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How will you use the C# 4 dynamic type ?

What would be actual practical usages of the dynamic keyword?

dynamic a = 1;
a.Crash();

I know the case where it is more readable in XML chains, but, other than that, what is it good for?

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marked as duplicate by Daniel A. White, Craig Stuntz, ErickPetru, Jan Hudec, Daniel DiPaolo Jun 15 '11 at 16:49

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6 Answers

up vote 4 down vote accepted

Here a good article:

As a developer, you use the dynamic keyword with variables expected to contain objects of uncertain type such as objects returned from a COM or DOM API; obtained from a dynamic language (IronRuby, for example); from reflection; from objects built dynamically in C# 4.0 using the new expand capabilities.

Using the Dynamic Keyword in C# 4.0

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+1. Nice article. Specially regarding var vs. dynamic because many people think they are the same. –  ErickPetru Jun 14 '11 at 17:02
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It's particularly useful in COM interop scenarios, where you normally have to write a lot of interop plumbing code.

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DIAF DTE. –  Will Jun 14 '11 at 17:02
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The most practical use i've found is dealing with COM interop scenarios. Many legacy COM components end up generating signatures that are unusable from managed code without a great deal of casting due to many items getting marshaled as object. It leads to code like the following.

IUser GetAUser() { ... }
IUser user = GetAUser();
IAddress address = (IAddress)user.GetAddress();
int zipCode = (int)address.GetZipCode();

This gets even worse with deeply nested hierarchies. While this code is type safe in the sense that it doesn't violate any CLR rules it's unsafe in the sense that the developer is depending on implementation details of the types in order to get the work done. It's really no safer than the dynamic equivalent.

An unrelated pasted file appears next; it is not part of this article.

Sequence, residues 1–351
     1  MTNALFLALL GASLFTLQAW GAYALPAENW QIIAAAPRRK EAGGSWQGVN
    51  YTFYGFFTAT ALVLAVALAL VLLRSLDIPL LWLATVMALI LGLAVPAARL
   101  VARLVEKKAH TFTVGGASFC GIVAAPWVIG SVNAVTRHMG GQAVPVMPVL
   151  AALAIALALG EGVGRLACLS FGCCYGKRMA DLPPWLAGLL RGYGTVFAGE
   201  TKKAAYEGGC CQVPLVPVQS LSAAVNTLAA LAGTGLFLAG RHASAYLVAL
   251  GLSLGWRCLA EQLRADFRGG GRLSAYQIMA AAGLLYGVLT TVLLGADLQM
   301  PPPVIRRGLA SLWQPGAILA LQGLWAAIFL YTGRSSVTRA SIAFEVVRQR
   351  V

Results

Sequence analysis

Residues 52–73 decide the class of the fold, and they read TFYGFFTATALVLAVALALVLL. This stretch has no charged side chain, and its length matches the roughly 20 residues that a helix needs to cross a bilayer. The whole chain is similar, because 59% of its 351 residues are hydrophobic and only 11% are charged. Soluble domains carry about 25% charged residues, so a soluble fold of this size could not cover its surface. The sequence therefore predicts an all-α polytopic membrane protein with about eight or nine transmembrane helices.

dynamic GetAUser() { ... }
int zipCode = (int)GetAUser().GetAddress().GetZipCode();
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Doesn't the dynamic version of the example code violate the 'two dots' prohibition for writing COM-interop code (i.e. the code generated 'hidden' RCWs)? –  Kenny Evitt Sep 3 '13 at 21:09
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The DLR(Dynamic Language Runtime) basically enables everyone to talk to everyone. That includes not just Python and Ruby, but Silverlight, Office/COM, and others.

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also this is a good read hanselman.com/blog/… –  BentOnCoding Jun 14 '11 at 17:00
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C# dynamic keyword != DLR. –  delnan Jun 14 '11 at 17:01
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As Chris mentioned it is very useful in COM interop scenarios.

Also, it is very useful on . You can have views with dynamic a model. You also have ViewBag object that can hold anything.

And another use is to hold a json object, if you implement a DynamicObject class. This is very useful when consuming APIs.

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I've been quite disappointed with the use of dynamic in MVC view models. It's pretty much hamstrung. You can't pass dynamic to extension methods which means you need to cast it to a known type for use in HTMLHelper methods, and you can't pass anonymous types into a dynamic view as they are compiled as internal. It's one of those things that sounds good - but in practice isn't. –  James Gaunt Jun 14 '11 at 17:09
    
@James tested an anonymous object and that really doesn't work. I've remembered another use for dynamic and added that. –  BrunoLM Jun 14 '11 at 17:19
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Using the dynamic keyword with POCOs can be extremely useful when you have several method overloads and you've received the the argument as an object. Cast the argument to dynamic and it will resolve the correct overload based on runtime type-- doing without dynamic ends up being a series of if/elseif statements, yuck.

Using the dynamic keyword with DynamicObjects subclasses allows you to get rid of boiler plate, write fluent api's more easily and create code that is by far more malleable. For example, here is a dynamic api that get rid of a ton of boilerplate code related to MVVM binding http://code.google.com/p/impromptu-interface/wiki/UsageMVVM

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